I encourage you to join in the campaign by posting your own images of the beautiful American flowers you grow or the distinctive bouquets you design using domestic and local stems.
Please tag your photos with #americanflowersweek and let’s get this topic trending.
Here’s an encouraging thought: Last year the hashtag #britishflowersweek generated 1.5 million social media impressions – that’s seriously powerful– and there is no reason we can’t do something similar to raise awareness of our farms and our flowers here in the U.S.
Since this is just our first year, American Flowers Week will rely on grassroots efforts of everyone who hears about it. In future years, we expect to bring more partners into the campaign and spread the news widely throughout the media, industry, and at the consumer level. Please join me – as I always say – in the conversation and in the creative community.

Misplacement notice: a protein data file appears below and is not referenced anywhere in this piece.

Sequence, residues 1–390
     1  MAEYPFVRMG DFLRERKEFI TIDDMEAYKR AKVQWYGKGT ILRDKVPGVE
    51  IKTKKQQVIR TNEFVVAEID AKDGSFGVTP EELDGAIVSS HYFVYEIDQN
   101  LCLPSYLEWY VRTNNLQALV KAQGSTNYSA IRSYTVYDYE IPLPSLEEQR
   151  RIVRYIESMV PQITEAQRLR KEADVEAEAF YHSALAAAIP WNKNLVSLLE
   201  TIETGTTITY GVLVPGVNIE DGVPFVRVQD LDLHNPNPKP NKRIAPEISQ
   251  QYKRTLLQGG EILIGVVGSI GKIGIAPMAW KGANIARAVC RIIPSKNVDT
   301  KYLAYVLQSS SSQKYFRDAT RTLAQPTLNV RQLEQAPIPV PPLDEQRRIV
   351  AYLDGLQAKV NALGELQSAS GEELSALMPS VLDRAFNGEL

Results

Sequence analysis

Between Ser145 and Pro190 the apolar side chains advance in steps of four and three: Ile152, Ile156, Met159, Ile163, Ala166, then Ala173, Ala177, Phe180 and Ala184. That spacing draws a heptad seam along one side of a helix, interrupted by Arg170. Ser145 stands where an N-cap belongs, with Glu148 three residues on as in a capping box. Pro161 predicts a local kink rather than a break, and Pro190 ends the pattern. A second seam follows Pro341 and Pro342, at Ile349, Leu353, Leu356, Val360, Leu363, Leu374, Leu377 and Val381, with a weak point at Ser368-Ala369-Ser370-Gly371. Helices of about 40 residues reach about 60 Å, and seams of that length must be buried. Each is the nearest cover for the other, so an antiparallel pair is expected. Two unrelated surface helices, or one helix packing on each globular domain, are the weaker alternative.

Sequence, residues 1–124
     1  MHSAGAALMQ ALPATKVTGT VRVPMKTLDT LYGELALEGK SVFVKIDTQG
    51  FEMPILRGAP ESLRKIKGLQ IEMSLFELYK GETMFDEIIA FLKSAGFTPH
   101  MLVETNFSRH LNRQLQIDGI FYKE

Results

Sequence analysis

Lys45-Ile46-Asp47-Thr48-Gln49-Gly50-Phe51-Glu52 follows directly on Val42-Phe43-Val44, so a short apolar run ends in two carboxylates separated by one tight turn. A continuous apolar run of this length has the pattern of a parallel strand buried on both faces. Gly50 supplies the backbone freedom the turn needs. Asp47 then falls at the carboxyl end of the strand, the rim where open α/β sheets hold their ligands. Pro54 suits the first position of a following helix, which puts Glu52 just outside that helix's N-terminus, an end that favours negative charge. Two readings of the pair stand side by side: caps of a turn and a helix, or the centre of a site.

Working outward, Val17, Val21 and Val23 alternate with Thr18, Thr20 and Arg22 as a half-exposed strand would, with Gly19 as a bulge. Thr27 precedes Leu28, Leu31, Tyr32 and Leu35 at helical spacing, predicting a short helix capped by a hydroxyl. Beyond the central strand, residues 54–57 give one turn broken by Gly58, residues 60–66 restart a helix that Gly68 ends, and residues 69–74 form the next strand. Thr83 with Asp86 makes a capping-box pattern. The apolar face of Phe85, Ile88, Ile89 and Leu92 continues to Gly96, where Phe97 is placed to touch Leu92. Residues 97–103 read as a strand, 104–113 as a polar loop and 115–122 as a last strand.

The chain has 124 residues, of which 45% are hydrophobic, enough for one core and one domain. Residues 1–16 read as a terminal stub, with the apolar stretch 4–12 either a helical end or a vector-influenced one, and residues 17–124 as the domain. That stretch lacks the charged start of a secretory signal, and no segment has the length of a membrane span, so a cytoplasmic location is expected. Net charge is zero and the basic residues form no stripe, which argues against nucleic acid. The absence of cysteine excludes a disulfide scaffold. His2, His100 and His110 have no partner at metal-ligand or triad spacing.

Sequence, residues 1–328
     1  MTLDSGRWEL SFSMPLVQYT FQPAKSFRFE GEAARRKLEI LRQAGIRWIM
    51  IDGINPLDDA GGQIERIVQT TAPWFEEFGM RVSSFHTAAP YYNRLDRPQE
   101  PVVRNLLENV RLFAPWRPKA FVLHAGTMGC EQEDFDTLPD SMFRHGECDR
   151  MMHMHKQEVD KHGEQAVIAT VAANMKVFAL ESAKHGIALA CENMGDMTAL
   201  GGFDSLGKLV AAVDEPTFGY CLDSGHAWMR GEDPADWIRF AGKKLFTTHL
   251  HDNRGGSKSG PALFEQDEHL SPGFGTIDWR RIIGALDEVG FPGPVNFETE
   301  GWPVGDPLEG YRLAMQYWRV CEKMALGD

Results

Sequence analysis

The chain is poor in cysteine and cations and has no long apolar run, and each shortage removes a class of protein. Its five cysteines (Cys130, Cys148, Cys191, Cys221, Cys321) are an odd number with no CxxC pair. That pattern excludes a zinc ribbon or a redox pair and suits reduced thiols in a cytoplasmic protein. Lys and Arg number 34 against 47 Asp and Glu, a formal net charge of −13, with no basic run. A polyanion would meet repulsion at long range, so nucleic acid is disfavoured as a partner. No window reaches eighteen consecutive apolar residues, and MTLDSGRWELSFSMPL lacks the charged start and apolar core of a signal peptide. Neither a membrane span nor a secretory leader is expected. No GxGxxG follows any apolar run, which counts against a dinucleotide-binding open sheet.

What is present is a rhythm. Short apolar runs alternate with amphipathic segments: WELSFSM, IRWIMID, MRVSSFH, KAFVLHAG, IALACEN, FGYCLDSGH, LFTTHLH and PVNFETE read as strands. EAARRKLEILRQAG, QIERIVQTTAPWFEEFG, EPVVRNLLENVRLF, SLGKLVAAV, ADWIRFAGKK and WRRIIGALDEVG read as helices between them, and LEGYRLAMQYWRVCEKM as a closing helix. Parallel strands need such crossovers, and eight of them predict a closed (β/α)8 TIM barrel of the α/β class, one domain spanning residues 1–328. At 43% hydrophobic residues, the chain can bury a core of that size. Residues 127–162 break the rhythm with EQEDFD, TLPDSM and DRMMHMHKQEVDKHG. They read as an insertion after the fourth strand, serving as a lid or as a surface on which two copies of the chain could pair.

Our guest today is a man who helped me make good on a promise to showcase local flowers when I presented as a featured designer at Art in Bloom, an annual flower and art extravaganza at the Minneapolis Institute of Art. My presentation was scheduled for May 1st, with a morning design demonstration, followed by an afternoon design workshop for 25 students.
When the program chairs invited me to be part of Art in Bloom, I specified that I would come and present on the condition that we feature locally grown flowers. In concept, that seemed like a good idea. But spring arrived late in the Twin Cities and when time came to start ordering flowers for my presentation and workshops (and I’m talking a lot of flowers because of the generous budget I had to work with), the local wholesaler informed me that the only thing LOCAL that I could be assured of were pussy willows.